Fitness Professionals and the Fight against Obesity
For more on the role fitness professionals play in reversing the obesity epidemic, join registered dietitian Natalie Digate Muth for our recorded one-hour webinar.
I get tired of people who say, 'It's simple; just eat less and move more," wrote Tara Parker Pope, a New York Times Well blogger on her struggles with weight. "We don't do dieters any favors by telling them that it's easy and simple."
Every day, efforts to control weight and body size permeate the lives of most Americans. That struggle is demonstrated in the 25 percent of men and 40 percent of women on a diet at any given time, the $35 billion spent on weight-loss products annually and the devastating health consequences that result from excess weight and obesity. Fitness professionals on the front line in the war against obesity struggle every day too; they struggle to develop tips, strategies and programs to help their clients achieve a healthier weight.
While the mantra of "eat less and move more" works in practice, the struggles that clients face are much more complicated, ingrained and difficult to change. However, an emerging body of science combined with increased motivation to improve on multiple levels has invigorated the effort to reverse the obesity epidemic within the next generation. Fitness professionals are in a unique position to significantly contribute to reversing the weight problem in the U.S. and across the world. With that said, in order to be effective, they must stay on top of the latest research and scientific advances, emerging trends, and community collaborations and partnerships.
Much of what we thought we knew about weight loss may not be accurate, such as the common teaching that to lose a pound a week you should create a 500 calorie deficit each day, which will add up to 3500 calories - about the number of calories in a pound of fat. In the long term, this never plays out. While initial weight loss may more or less follow this principle, subsequent loss is frequently stalled despite large caloric deficits. A group of scientists at the National Institutes of Health developed a mathematical model to account for changes in metabolism that occur with weight loss. The study estimates that for every 10-calorie decrease in intake, the average overweight adult will lose about 1 pound with half of the weight lost by one year and 95% of the weight change by three years. For example, a woman who decreased her daily caloric consumption from 2,200 calories to 2,000 calories per day would lose about 10 pounds in one year and about 10 more pounds by the end of three years. If she had created a 500-calorie deficit each day, she would lose 25 pounds in the first year and about 25 more pounds by the end of three years. This is a lot slower weight loss than one would expect from the simple calculation of 3,500 calories in a pound. The research concludes that we don't do dieters any favors by telling them weight loss is easy and simple.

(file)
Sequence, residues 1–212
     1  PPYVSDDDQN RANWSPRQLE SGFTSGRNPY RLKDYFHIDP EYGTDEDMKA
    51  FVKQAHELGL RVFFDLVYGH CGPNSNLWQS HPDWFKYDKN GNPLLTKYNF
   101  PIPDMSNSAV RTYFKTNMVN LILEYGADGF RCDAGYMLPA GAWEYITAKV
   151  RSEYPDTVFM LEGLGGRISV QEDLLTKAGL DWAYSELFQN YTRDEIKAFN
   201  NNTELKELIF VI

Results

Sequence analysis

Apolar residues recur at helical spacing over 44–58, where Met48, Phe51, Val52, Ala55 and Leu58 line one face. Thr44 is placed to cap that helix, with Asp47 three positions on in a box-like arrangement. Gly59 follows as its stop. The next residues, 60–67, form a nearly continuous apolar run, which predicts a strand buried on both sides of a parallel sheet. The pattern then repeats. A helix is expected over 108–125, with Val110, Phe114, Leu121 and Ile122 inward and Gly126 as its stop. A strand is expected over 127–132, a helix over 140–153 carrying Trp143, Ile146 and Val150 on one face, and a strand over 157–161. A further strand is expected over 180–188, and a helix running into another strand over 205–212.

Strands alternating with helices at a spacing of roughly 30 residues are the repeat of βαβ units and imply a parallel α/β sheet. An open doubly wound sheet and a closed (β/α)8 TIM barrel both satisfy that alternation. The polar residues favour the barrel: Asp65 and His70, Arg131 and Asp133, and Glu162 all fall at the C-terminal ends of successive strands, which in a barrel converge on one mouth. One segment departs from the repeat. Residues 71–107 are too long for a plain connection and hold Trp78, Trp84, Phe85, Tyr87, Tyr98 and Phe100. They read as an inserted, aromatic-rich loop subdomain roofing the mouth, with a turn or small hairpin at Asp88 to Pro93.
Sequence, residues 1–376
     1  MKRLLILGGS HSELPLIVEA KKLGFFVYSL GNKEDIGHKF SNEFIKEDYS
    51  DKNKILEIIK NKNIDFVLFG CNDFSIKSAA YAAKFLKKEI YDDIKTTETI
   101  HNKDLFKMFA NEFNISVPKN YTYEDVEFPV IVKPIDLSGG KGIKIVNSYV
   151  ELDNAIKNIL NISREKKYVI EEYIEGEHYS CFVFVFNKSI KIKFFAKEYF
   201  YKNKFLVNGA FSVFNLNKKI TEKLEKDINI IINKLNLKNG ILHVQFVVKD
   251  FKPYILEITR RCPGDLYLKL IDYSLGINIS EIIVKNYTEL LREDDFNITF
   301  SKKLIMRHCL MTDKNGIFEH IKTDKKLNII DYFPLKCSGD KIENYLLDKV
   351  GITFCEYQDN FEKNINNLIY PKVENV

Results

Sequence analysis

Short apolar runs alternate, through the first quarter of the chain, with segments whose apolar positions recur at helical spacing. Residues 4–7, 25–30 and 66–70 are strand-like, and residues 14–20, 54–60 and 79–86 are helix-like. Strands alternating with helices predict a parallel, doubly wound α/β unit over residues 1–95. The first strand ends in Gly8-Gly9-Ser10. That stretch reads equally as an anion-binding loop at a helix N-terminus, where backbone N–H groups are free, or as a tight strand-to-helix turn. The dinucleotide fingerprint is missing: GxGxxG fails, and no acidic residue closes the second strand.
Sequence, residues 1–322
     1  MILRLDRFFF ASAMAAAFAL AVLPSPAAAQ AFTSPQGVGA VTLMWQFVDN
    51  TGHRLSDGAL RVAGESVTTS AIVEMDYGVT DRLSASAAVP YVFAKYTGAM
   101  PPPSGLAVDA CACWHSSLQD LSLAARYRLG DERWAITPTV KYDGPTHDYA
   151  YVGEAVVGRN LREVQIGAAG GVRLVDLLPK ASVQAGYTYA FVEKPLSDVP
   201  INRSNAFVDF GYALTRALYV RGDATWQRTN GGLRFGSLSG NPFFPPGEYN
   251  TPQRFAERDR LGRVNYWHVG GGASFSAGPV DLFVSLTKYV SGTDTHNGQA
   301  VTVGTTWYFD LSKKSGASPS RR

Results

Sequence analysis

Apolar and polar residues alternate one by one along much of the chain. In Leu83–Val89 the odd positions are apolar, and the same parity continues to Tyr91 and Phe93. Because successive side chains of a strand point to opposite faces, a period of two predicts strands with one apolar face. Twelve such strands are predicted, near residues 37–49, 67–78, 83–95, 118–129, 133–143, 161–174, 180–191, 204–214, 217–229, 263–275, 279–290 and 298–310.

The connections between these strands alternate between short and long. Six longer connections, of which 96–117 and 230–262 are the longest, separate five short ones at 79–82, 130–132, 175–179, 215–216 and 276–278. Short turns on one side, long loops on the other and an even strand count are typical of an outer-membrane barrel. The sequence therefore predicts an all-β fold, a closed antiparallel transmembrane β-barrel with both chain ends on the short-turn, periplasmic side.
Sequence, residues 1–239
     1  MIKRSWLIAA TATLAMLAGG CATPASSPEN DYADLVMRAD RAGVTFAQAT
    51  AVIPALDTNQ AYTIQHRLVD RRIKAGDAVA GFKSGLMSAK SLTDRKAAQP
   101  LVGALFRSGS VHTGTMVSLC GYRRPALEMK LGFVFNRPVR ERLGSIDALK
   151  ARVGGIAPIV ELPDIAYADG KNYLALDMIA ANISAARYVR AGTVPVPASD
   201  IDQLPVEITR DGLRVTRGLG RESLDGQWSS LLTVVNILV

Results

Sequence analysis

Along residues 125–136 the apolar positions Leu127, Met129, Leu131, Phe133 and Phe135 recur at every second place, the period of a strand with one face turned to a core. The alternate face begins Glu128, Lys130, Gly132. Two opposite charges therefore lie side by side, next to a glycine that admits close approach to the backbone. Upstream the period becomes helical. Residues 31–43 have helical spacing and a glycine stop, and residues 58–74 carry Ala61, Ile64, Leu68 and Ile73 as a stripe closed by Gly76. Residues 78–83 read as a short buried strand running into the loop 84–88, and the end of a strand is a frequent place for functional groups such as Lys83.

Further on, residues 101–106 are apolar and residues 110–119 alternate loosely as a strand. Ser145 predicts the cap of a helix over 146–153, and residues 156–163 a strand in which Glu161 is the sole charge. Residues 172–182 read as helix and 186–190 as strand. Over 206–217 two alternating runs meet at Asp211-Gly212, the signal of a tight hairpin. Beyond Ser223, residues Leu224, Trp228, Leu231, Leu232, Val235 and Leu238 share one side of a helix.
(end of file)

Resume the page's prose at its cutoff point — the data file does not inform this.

Emerging Trends and Collaborations
Despite an intensive physical activity regimen, nutrition changes or behavioral rewiring, many struggle to achieve their weight loss goals. While individuals are responsible for their behaviors, community and policy-level factors can greatly influence eating and activity patterns. Earlier this year the Institute of Medicine released a report titled "Accelerating Progress in Obesity Prevention: Solving the Weight of the Nation." In the report, authors outlined several goals that, if implemented collectively, would make significant strides in obesity prevention. They included:
- Make physical activity an integral and routine part of daily life.
- Create environments that ensure healthy food and beverage options are the routine, easy choice.
- Transform messages about physical activity and nutrition, making healthier options more desirable and accessible.
- Expand the roles of health care providers, insurers and employers to better support physical activity and nutrition.
- Make schools a national focal point by increasing physical activity opportunities and strong nutritional standards.
Clearly, most communities, states and even the nation as a whole have a long way to go in achieving these objectives. Fitness professionals can serve as powerful leaders in their communities by transforming many of these ideals into reality. For example, they can play an integral role in the development of:
- Community programs designed to increase physical activity (objective 1)
- Community task forces that develop and disseminate nutrition and activity recommendations to influential community members and decision makers (objective 2)
- Awareness-building and social marketing efforts to increase knowledge of healthy physical activity and nutrition choices (objective 3)
- Initiatives to increase access to and quality of work-based activity programs (objective 4)
- High-quality physical education programs that effectively increase the physical fitness level of students (objective 5)
These are just a few examples of the many collaborations and initiatives that can play a prominent role in the broad-scale effort to reverse the obesity epidemic by creating optimal nutrition and fitness opportunities, and choices for community members.
Finding the Solution
Ultimately, the price of obesity is very high for not only individuals and families but communities and the nation as a whole. With the exorbitant number of overweight and obese Americans, and the importance of exercise in reversing the epidemic, fitness professionals must take a leading role as exercise experts. With the most up-to-date knowledge and the right tools, they can each day make small steps to promote weight loss, ensure weight loss maintenance and prevent weight gain through both one-on-one coaching and community interventions.